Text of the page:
Who has time to wait in line for their morning java fix? Dunkin Brands — the operator of the Dunkin’ Donuts stores — says it is trying to distinguish itself from rivals like Starbucks and McDonald’s as the ultimate destination for “on-the-go” beverages and food as its targets modest sales growth this year.
The company’s shares were up nearly 5 per cent on Thursday — and poised for their best day in a year — after the company announced quarterly earnings for the three-month period ending December 31 that came in better than expected on most counts. Earnings per share were 64 cents for the quarter, compared to the 61 cents forecast by analysts surveyed by Bloomberg, on net income of $56.1m, versus analysts’ predictions of $53m profit. Revenue came in as expected at $215.7m.
Same-store sales at its core Dunkin’ Donuts stores were slightly softer than expected, improving 1.9 per cent versus expectations of a 2 per cent rise. Its Baskin-Robbins stores fared less well, with declining traffic pushing same-store sales to a loss of 0.9 per cent, compared with expectations of a 0.7 per cent decline.
Dunkin said that it is guiding for low single-digit comparable sales growth for both brands this year, and low-to-mid single-digit revenue growth.
At the core of its growth strategy will be to push its “on-the-go” offerings to help position it as the more convenient and affordable option in the competitive market for morning beverages, Dunkin executives said in a call with analysts after the earnings report.
“The brand positioning of the beverage-led On-The-Go brand is clear, progressive and forward-leaning,” said David Hoffmann, president of Dunkin’ Donuts US and Canada who joined the company late last year after more than two decades with McDonald’s.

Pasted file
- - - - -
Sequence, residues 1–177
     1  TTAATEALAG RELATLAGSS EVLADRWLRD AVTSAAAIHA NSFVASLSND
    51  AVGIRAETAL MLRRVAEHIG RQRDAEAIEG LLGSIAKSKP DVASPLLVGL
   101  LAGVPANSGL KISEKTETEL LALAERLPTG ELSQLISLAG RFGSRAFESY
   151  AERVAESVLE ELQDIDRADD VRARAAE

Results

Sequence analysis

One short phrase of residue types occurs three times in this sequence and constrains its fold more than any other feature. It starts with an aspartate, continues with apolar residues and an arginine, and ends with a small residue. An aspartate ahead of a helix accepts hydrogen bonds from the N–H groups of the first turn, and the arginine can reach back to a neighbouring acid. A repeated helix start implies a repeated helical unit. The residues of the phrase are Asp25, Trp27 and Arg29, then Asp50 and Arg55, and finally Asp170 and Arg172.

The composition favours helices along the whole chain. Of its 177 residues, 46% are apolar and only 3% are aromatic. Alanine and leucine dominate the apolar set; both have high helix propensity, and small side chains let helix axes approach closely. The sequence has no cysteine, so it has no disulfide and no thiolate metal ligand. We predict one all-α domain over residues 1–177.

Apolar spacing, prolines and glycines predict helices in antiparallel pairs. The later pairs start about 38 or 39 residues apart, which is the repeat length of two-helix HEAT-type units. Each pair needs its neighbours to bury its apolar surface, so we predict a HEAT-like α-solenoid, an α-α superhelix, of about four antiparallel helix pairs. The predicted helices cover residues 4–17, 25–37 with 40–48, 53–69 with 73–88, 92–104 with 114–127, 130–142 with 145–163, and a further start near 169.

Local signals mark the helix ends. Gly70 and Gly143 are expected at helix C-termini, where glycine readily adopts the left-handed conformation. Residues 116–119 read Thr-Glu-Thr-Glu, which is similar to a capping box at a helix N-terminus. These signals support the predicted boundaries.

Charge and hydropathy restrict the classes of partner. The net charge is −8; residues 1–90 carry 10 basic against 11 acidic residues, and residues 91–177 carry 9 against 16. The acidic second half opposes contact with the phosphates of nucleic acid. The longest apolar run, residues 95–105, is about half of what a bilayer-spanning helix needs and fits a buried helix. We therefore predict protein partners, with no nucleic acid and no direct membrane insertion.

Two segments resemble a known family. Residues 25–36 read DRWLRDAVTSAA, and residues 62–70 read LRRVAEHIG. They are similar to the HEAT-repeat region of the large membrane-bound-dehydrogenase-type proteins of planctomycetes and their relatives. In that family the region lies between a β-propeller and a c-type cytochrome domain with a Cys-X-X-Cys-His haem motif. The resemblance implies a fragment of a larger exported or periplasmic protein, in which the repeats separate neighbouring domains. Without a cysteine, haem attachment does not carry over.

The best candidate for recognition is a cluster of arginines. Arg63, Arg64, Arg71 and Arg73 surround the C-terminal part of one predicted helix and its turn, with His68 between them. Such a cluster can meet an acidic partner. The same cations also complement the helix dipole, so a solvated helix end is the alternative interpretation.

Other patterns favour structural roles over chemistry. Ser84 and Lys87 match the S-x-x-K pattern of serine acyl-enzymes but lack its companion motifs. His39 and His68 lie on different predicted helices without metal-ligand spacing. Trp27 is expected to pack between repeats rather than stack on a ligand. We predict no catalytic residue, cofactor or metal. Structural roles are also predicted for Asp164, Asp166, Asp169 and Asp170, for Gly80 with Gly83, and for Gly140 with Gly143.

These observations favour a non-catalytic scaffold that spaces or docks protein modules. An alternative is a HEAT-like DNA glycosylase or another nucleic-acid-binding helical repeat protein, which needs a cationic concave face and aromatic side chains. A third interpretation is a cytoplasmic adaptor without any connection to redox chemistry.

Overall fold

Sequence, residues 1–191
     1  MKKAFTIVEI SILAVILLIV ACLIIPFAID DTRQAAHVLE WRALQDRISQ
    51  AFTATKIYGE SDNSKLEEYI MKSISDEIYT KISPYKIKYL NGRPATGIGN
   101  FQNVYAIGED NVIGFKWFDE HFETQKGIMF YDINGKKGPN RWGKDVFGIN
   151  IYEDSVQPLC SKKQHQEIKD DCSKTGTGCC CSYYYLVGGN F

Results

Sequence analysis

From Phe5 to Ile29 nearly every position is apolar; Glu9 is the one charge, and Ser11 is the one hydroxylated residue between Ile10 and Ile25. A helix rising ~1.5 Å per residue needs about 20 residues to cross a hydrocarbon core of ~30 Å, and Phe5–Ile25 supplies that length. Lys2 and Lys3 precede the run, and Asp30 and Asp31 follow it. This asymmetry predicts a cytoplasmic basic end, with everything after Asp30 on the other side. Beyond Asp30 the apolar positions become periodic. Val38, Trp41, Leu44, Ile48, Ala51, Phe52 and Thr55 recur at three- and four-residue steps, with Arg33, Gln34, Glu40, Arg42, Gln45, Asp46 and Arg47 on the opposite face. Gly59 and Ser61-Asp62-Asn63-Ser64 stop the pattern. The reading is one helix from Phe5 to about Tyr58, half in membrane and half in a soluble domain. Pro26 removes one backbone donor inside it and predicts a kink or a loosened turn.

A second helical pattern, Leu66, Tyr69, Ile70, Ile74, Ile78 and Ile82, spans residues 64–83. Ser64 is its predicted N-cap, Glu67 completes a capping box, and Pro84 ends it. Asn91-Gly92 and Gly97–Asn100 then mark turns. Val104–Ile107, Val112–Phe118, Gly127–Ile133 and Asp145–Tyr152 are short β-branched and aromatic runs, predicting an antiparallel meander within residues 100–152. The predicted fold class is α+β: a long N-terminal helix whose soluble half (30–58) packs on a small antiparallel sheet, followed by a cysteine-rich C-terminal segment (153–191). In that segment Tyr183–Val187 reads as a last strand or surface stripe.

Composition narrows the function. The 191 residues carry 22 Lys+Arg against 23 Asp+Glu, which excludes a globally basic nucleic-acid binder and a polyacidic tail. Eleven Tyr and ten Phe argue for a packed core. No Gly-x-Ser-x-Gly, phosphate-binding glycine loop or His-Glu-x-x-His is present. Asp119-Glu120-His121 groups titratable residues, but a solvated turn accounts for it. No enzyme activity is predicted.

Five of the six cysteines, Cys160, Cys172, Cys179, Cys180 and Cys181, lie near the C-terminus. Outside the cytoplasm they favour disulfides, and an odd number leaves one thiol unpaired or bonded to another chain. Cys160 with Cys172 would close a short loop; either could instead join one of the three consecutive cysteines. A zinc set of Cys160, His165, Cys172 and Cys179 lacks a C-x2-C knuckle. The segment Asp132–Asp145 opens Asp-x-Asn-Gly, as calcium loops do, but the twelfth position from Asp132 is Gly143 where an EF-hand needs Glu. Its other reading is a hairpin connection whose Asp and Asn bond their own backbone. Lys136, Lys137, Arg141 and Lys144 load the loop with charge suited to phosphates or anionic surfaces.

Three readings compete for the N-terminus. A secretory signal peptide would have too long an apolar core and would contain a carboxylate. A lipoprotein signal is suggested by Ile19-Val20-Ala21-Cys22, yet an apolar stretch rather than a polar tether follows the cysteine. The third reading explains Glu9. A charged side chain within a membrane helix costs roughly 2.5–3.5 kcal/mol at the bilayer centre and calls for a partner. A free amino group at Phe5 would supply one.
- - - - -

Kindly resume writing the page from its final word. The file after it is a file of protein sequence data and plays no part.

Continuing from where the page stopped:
For instance, it is hoping to ramp up the number of customers who use its mobile ordering, which has been available for just about six months. The ability to order before arriving at the restaurant and breeze past the line is “a huge unlock,” said chief digital officer Scott Hudler – and something that coffee competitor Starbucks is already taking advantage of.
Dunkin is also eyeing a streamlined menu, in order to make food faster, and has begun testing out curbside delivery at some stores in Massachusetts, designed to be a speedier alternative to drive-through windows – a test it plans to expand in 2017 as franchisees clamour for that option.
One perk to being the on-the-go choice? Restaurants may gradually require less space, said Dunkin Brands chief executive Nigel Travis, adding, “I think ultimately, we will require less capital investment because we’ll need less space for people to sit inside the store.”